Account | Register

3 Reasons You To Start A Photo Project

Photo projects are a fun, challenging and highly rewarding way to perfect your skills as a photographer. Photo projects can range from the rigors of a 365 (photo a day) project, to something more flexible and free, like a weekly project on Instagram. Below are a few of the many reasons why you should consider a photo project of your own, and a list of project ideas to get you started.

1. Discipline

This sounds like a really serious point to start off with, but trust me on this one. While being creative means that you should “trust your gut,” believe it or not, an important part of creativity is discipline. Discipline to stay focused on a goal, and discipline to stick to that goal (and your creative vision) no matter whether you are feeling tired, lazy, or just plain uninspired. And, if you own your own photography business, whether you are a commercial or fine art photographer, you will know how much discipline it takes to keep things up and running! Photo projects, especially daily ones, force you to make something, even when you do not feel as though you have it in you. Sometimes, we have to go to shoots, and then edit, even when we are feeling totally uninspired. A daily photo project can actually condition your mind to the point where, if you just aren’t quite feeling it (“it” being that creative zing we all know and love) you can quickly turn “it” on and get back into your creative frame-of-mind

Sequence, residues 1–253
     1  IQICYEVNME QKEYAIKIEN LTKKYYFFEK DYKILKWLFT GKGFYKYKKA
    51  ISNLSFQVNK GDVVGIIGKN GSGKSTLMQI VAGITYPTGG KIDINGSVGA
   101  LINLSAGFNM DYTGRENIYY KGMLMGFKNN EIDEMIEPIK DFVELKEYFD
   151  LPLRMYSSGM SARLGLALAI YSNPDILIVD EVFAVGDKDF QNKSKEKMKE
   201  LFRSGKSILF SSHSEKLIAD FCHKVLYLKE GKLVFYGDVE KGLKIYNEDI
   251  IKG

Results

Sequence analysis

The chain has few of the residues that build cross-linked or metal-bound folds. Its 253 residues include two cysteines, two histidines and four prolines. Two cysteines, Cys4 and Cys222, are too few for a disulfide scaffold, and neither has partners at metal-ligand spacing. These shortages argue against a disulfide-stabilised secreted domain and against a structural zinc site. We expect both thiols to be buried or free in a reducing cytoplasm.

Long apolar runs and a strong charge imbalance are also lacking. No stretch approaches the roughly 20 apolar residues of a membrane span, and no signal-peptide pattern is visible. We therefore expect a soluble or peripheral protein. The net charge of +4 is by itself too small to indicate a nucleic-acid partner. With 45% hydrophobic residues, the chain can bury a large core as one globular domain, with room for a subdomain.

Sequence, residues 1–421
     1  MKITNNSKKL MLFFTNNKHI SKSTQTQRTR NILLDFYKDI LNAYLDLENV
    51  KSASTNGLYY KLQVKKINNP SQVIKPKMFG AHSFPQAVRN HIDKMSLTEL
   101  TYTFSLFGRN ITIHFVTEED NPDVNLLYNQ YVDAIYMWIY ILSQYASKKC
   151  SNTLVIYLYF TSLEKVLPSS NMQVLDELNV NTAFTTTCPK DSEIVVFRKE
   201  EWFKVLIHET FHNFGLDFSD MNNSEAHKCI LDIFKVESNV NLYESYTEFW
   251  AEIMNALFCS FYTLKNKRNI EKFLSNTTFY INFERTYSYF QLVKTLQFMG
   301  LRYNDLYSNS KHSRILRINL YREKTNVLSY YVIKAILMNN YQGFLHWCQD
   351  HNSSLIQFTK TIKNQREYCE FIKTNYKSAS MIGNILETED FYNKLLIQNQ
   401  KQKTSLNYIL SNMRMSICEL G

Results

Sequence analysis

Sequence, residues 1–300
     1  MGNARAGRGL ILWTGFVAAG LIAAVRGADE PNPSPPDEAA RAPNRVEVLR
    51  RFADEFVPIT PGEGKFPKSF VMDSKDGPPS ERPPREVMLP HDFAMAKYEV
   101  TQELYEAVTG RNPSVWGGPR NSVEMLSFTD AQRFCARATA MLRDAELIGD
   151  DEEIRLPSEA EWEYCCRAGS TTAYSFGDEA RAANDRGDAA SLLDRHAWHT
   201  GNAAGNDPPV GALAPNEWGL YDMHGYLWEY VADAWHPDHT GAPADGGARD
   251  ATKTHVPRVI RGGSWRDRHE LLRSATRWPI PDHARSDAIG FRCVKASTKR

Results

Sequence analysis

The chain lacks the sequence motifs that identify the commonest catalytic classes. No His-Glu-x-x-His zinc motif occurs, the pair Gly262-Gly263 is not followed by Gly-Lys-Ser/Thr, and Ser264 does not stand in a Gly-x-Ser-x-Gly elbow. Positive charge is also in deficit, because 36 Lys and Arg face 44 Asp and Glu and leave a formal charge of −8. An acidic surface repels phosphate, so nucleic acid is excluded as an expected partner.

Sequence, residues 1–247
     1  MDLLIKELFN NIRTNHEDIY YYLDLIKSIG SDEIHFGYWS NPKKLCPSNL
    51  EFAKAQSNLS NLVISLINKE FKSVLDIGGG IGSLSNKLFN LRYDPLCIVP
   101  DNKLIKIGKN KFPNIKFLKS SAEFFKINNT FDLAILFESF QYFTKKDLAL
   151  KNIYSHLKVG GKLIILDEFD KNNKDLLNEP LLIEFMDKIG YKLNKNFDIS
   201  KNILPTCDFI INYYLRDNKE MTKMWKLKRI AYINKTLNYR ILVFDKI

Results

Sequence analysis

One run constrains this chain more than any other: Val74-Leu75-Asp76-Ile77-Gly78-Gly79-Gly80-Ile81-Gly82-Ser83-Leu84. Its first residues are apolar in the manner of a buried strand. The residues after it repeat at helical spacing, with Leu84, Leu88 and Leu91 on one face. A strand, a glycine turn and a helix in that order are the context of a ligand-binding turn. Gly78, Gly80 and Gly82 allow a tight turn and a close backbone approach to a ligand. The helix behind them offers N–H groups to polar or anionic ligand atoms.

2. Repetition

The more you practice, the stronger you will become as a photographer, especially if you are attempting a daily/weekly project. Photo projects can help launch you to the point where you know how to operate your camera/flash blindfolded, which is a great skill to have when on a client shoot – you want to be able to focus on interacting with your client, not trying to sync your camera with your flash. Also, if you are using Lightroom and Photoshop to edit your images, you will find that your workflow will become faster and more streamlined as you progress with the project.

3. Finding Your Style

Often you will find that a photo project is a catalyst for photographers finding their own, unique style. I’m not completely sure why this is, but I feel as though it has to do with the points above: repetition and discipline. Maybe it is the fact that you are forced to create something no matter what, sometimes every day, or the fact that repetition leads to find what works for you and what doesn’t, and perfecting the things that do work.


1. Joel Robison: Joel has completed several 365 projects, and his uplifting, imaginative spirit is sure to inspire you.

2. Meghan DavidsonMeghan recently completed a 365 project that was not only all self-portraits, but self-portraits using Impossible Project instant film, which is really incredible!

3. The Doubles Project: Not all photo projects are governed by a set amount of time.  Steph Parke and Vanessa Morrow have a fascinating film-swap project that is on-going.  The element of chance in this project is absolutely refreshing.

A brief Google search, or a tag search on Flickr and Instagram will also give you plenty of results to inspire you, so be sure to do some browsing to find even more inspiration! Do you have a photo project (it can be your own, or someone else’s!) you would like to share with us? We’d love to hear about it!


Posted by

Leave a Comment